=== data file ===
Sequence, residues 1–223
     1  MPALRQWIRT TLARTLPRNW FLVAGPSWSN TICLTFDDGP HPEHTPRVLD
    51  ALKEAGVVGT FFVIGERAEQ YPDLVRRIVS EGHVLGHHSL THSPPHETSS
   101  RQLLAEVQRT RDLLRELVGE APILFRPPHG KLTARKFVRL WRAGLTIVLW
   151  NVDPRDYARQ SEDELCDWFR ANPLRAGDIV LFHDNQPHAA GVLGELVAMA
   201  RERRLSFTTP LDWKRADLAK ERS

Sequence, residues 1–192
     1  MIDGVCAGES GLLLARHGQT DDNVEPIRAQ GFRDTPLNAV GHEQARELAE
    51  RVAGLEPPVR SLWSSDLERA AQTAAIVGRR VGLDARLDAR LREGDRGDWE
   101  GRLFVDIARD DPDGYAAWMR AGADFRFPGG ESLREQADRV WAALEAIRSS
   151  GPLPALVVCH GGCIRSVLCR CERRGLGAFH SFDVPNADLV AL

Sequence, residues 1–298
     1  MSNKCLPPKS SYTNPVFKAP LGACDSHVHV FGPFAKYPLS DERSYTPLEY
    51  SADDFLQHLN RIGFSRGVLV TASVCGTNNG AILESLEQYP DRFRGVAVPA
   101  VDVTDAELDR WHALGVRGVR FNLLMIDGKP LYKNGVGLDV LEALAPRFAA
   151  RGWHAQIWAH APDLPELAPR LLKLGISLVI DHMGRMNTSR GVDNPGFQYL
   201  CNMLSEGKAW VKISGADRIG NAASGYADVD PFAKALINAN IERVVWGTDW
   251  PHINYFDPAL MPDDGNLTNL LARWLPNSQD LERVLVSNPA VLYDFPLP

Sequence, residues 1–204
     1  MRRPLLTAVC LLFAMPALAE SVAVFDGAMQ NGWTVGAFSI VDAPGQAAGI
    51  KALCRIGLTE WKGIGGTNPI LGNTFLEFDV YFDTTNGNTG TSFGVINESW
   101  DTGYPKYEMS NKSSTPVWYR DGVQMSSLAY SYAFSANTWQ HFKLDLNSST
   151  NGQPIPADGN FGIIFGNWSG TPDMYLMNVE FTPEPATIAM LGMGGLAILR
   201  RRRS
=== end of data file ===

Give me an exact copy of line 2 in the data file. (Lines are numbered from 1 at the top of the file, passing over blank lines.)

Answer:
     1  MPALRQWIRT TLARTLPRNW FLVAGPSWSN TICLTFDDGP HPEHTPRVLD